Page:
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The Arabian Nights: Tales from a Thousand and One Nights (Modern Library… (edició 2004)
de Richard Burton (Traductor)
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The Arabian Nights: Tales from a Thousand and One Nights de Richard Burton (Translator)
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A selection of stories from the 1,001 nights. The selection features some amazing mythical tales and spectacular adventures, and for the most part is brilliant. Some strange continuity with the tale of Scheherazade and the king, which is normal for a selected series of stories. But otherwise, this book (a beautiful object too) is a terrific introduction to the Middle Eastern storytelling epic.
These are great stories however you shake it. Way more adult than we are led to be and downright spooky in some cases. Lots of adventure, bad guys and characters who come to life. NO walt disney here.
The unabridged version is huge, but it comes with a glossary of sorts in the back. No flying carpet anywhere in the entire tome--blast Disney. These stories were handed down long before Islam became a religion backed by the Koran, so this book offers keen insights into the culture it came from. Just as bloody and frightening as the original Grimm's Fairy Tales.
This is the selection of tales of The Arabian Nights as translated by Sir Richard F. Burton and published by The Modern Library. The story of Scheherazade's ingenuity is of Persian origin and its origin has been traced back to 944 AD. However the tales are more Arabian than Persian in flavor. Over the centuries the tales multiplied and eventually comprised an convoluted form that has been a source of admiration as a miracle of narrative architecture. While Boccaccio's Decameron and Chaucer's Canterbury Tales are similar to them in construction, in that they are collections of stories within stories, the Arabian tales is infinitely more complicated.
The frame of the work consists of a whimsical plot arrangement that depends upon the jealousy of Shahriyar, King of India, for his wife and her wanton ways; after executing her he vows to take his revenge on wall woman-ways. Night after night he marries some beautiful girl, only to order her beheaded the next morning. That is until he meets Scheherazade whose wile and intelligence is more than a match for the King. She manages to spin a bewildering number of yarns and, by suspending the ending of each, eludes the executioner. The tales she tells include such stories as "Aladdin's Lamp" and "Sinbad the Sailor" and many more that, while less famous, are equally entertaining.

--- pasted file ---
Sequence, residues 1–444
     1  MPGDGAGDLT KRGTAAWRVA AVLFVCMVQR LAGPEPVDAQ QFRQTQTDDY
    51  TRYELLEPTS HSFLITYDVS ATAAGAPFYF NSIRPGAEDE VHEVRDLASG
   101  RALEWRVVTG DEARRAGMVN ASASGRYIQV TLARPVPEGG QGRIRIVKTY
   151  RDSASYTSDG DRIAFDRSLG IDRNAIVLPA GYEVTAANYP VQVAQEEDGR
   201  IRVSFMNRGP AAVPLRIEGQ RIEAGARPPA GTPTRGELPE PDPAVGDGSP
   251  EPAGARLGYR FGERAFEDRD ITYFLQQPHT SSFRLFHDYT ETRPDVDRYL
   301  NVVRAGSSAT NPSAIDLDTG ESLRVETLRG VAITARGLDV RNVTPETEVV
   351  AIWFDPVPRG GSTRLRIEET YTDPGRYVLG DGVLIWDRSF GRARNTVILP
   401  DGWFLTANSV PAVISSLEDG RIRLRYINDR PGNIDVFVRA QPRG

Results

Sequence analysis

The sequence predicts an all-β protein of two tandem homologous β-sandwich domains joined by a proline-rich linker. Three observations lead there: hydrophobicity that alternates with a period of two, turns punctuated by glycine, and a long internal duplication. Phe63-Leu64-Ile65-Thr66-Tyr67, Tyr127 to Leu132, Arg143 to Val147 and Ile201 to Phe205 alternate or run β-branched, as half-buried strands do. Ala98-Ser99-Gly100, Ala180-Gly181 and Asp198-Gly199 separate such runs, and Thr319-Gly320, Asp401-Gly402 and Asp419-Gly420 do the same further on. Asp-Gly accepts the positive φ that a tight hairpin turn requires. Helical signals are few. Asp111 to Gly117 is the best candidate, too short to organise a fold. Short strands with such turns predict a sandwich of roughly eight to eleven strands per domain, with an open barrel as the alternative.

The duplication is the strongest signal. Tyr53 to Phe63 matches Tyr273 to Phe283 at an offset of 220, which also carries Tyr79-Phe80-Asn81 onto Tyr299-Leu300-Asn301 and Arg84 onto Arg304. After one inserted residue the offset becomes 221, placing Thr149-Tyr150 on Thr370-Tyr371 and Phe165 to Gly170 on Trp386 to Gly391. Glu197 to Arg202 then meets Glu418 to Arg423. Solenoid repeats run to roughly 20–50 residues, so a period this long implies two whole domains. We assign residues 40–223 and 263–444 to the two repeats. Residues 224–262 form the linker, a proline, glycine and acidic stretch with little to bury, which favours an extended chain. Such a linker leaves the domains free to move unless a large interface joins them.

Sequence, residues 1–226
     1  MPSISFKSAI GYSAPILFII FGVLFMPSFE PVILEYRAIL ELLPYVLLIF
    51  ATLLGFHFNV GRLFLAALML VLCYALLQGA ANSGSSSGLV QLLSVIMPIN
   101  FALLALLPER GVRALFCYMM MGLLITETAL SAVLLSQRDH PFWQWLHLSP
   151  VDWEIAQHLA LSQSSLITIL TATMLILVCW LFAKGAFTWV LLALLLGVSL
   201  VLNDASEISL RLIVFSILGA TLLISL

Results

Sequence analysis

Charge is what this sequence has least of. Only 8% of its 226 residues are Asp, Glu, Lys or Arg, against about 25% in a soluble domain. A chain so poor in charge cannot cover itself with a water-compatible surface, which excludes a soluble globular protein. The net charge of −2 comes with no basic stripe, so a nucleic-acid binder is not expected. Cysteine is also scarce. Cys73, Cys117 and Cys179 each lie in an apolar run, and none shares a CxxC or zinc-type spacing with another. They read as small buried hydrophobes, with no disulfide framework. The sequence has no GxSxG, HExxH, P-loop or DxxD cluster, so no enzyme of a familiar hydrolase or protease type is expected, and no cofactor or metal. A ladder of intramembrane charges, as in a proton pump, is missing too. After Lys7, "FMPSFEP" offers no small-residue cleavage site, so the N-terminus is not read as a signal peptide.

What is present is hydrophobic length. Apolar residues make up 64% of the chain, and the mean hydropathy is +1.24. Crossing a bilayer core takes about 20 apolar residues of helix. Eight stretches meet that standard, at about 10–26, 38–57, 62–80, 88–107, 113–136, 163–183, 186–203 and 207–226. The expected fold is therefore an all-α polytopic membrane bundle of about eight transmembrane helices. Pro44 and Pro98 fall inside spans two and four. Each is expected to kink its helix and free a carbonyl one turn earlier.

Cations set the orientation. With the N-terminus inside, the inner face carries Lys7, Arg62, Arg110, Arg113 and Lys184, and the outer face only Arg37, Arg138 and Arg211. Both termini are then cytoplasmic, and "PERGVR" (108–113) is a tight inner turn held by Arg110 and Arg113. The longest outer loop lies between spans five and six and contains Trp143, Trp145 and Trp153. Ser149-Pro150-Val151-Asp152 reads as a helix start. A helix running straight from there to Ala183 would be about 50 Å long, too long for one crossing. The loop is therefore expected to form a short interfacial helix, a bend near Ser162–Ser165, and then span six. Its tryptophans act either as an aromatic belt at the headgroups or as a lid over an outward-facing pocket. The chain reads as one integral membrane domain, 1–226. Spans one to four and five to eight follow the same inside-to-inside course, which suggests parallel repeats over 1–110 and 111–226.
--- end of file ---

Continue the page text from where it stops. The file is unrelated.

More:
"the most marvelous article in this Enchanted Treasure was a wonderful Lamp with its might of magical means." (p 712, "Alaeddin; or, The Wonderful Lamp")
The resulting compendium of stories has been popular ever since inspiring many translations and different forms. This translation by Richard F. Burton may be the most entertaining of all.
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Full of mischief, valor, ribaldry, and romance, The Arabian Nights has enthralled readers for centuries. These are the tales that saved the life of Shahrazad, whose husband, the king, executed each of his wives after a single night of marriage. Beginning an enchanting story each evening, Shahrazad always withheld the ending- A thousand and one nights later, her life was spared forever. This volume reproduces the 1932 Modern Library edition, for which Bennett A. Cerf chose the most famous and representative stories from Sir Richard F. Burton's multivolume translation, and includes Burton's extensive and acclaimed explanatory notes. These tales, including Alaeddin; or, the Wonderful Lamp, Sinbad the Seaman and Sinbad the Landsman, and Ali Baba and the Forty Thieves, have entered into the popular imagination, demonstrating that Shahrazad's spell remains unbroken.
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Classificació Decimal de Dewey (DDC)398.22Social sciences Customs, Etiquette, Folklore Folklore Folk literature Legendary or mythological persons
LCC (Clas. Bibl. Congrés EUA)
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The translation I read was Burton's 1889 edition, which was written in archaic language such as "thee," "thou," "quoth" and "doest," and abounded with unfamiliar vocabulary like "wot," "haply," "gugglet," "rede" and "weet." Including notes, it is 872 very dense pages (virtually no paragraph breaks) and to digest more than 10-15 pages in a sitting was a challenge in focus. For that reason I used it to fulfill the Read Harder 2021 category 'a book you've been intimidated to read.' Modern readers may find the sheer amount of racism, misogyny, incest, slavery, murder and other disturbingly cruel violence, theft and backstabbing in these stories uncomfortable. There is also much tearing of clothes and heaving of dust onto one's head, which I surmise is how grief is depicted, as well as truly endless numbers of shipwrecks (Sindbad was a glutton for punishment in a most baffling way). It should be noted that a remarkable number of times it is women and their cooler heads who save the day! I feel something of an accomplishment to have finally, successfully made my way through this book, so I'm feeling pretty triumphant about that, as well as pleased to know a little more about this legendary icon of world literature. ( )